Inducted into the American Quarter Horse Hall of Fame in 1993Doc Bar revolutionized the cutting industry in a way never seen before or since.
The chestnut stallion was foaled in 1956 on Tom Finley’s Arizona ranch. Doc Bar was by Lightning Bar by Three Bars (TB) and out of Dandy Doll by Texas Dandy. The chestnut colt was bred to run, but failed miserably.
Earning a total of $95 in four outs, Doc Bar was given to Charley Araujo of California to show at halter. This endeavor seemed doomed to fail because Doc Bar did not fit what the judge’s eye had been groomed to see. The chestnut stood a scant 15 hands and did not have the punched-together look of his contemporaries.
The halter industry was ripe for change. With Araujo at the lead and the stallion’s unique conformation, the guidelines for halter horse champions were altered almost overnight. Out of 15 shows, Doc Bar won nine grand champion titles and one reserve champion title.
Doc Bar attracted the attention of Dr. and Mrs. Stephen Jensen of Double J Ranch in Paicines, California. The couple had pieced together a broodmare band of Poco Tivio, Hollywood Gold, King and Leo mares, and was in the market for a stallion. Doc Bar fit their needs and the couple bought him in 1963 for $30,000.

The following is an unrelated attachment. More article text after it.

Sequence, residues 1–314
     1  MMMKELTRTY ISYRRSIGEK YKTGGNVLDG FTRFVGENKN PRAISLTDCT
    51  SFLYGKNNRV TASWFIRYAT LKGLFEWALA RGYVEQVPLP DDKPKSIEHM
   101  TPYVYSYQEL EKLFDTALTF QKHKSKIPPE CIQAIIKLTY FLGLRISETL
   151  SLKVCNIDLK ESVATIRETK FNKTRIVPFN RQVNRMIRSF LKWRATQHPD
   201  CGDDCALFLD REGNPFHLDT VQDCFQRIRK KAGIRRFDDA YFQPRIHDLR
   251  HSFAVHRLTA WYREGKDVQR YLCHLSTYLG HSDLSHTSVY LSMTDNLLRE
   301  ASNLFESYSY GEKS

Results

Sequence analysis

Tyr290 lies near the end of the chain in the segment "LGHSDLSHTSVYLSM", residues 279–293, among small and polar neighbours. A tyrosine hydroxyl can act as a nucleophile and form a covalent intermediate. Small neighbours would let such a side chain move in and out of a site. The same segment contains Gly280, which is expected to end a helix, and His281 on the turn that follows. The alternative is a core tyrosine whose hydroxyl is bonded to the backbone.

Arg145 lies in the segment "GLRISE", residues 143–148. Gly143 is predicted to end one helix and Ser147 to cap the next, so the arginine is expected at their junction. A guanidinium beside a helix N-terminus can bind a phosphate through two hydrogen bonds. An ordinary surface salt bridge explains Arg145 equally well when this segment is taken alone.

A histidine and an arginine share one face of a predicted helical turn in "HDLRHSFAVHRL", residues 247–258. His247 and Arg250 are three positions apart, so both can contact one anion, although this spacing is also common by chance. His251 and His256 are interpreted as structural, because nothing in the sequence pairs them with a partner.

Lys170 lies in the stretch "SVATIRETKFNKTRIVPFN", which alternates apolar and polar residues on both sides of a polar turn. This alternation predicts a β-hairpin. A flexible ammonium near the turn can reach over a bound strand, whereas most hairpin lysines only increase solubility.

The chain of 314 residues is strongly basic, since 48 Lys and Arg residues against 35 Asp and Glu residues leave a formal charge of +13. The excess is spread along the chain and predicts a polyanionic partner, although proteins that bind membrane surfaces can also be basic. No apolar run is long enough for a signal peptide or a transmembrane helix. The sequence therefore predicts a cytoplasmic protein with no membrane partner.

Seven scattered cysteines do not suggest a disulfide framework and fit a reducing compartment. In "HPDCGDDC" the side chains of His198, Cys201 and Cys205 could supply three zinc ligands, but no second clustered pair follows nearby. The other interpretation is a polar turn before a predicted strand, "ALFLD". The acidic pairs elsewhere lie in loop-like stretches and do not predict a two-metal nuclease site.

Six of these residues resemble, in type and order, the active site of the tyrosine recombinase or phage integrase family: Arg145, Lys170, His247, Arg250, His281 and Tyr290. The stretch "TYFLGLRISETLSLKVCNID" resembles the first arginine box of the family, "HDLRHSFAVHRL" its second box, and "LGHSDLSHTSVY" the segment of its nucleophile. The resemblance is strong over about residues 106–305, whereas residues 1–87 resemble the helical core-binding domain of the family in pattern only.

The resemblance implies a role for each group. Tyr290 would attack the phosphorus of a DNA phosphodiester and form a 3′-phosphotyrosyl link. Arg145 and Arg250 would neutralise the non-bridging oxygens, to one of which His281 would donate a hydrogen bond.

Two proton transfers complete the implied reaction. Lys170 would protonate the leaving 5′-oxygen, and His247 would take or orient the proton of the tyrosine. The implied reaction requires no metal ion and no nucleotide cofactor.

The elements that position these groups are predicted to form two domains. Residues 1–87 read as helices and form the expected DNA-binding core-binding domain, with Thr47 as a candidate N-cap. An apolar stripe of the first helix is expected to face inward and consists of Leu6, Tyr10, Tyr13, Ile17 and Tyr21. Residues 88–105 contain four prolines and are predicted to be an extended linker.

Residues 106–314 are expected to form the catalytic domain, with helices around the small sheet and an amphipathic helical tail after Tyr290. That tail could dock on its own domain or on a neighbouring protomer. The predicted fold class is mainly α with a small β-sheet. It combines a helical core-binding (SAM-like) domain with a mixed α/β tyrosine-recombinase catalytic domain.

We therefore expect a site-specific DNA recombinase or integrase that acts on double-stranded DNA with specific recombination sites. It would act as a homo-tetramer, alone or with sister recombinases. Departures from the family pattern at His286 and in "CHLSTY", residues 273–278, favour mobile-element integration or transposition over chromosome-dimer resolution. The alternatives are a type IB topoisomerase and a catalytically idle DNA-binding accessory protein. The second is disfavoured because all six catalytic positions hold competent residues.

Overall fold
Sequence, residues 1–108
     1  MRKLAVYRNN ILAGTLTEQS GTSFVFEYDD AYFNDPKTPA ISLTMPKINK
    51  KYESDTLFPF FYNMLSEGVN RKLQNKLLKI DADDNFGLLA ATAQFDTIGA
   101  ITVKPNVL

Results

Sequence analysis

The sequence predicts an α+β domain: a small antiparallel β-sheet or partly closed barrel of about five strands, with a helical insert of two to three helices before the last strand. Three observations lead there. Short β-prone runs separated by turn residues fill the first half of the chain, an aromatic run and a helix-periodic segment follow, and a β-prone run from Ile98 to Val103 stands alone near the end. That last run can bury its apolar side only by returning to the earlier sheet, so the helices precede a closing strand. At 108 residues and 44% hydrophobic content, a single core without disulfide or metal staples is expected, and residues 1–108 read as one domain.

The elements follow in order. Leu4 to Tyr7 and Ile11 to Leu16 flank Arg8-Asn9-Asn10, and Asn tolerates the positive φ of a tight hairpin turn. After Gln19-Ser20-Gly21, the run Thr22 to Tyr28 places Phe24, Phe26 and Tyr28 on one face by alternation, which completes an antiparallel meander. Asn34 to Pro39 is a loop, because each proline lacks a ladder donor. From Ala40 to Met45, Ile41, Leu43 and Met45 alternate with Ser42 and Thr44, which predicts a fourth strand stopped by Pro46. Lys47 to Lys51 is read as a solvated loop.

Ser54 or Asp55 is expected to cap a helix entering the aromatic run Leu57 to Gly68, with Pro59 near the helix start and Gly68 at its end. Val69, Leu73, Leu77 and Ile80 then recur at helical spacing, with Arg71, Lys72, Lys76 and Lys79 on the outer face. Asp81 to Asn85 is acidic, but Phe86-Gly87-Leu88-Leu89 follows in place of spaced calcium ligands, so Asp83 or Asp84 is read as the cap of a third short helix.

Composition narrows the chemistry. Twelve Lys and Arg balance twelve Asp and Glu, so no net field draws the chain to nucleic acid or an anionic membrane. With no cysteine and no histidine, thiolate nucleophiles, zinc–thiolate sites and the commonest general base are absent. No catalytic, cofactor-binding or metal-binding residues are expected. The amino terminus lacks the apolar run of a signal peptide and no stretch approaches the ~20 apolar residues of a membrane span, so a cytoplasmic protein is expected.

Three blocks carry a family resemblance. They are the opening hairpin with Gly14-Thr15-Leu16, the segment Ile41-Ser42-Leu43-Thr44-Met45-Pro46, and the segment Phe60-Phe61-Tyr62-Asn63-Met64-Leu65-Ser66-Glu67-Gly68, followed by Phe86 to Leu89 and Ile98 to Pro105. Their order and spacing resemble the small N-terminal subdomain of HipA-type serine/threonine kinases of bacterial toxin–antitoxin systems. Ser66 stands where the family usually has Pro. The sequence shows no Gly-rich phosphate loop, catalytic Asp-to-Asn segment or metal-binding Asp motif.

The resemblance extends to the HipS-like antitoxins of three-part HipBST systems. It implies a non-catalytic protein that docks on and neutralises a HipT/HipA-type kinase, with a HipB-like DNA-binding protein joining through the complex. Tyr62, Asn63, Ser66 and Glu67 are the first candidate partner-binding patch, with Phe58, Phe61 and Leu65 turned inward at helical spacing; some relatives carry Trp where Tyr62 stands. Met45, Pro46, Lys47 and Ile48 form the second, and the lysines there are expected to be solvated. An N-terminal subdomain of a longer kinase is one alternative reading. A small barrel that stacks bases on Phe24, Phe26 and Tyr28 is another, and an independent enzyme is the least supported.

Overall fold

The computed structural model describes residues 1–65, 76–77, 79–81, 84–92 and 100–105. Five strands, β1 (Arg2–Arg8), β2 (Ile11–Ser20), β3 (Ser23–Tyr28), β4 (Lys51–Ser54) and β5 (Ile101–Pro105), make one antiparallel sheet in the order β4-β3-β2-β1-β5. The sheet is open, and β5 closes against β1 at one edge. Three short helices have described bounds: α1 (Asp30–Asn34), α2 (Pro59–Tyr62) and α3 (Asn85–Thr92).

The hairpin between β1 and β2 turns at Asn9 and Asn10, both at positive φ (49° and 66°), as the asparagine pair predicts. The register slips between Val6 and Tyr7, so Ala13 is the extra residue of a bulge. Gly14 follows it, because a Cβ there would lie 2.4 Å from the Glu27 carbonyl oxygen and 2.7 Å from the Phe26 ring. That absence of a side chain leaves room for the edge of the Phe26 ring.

Over the following years, Doc Bar sired National Cutting Horse Association Futurity winners, world champions and top-10 horses. A few progeny include Doc O’Lena, Dry Doc, Fizzabar and Doc’s Kitty. He was the grandsire of Smart Little Lena, Tenino San, Docs Sangria and Don N Willy.
In AQHA competitions, Doc Bar’s get amassed nearly 9,000 points and won multiple world championships.
The key to Doc Bar’s success was summed up by Charlie Ward, manager of the Jensens’ ranch, “is that he’s so consistent in his type. His colts are all uniform and possess a lot of sense. They’re easy to train, they have a lot of natural ability – every one of them is cowy.”
Doc Bar died in 1992 at 36. He was inducted into the American Quarter Horse Hall of Fame in 1993.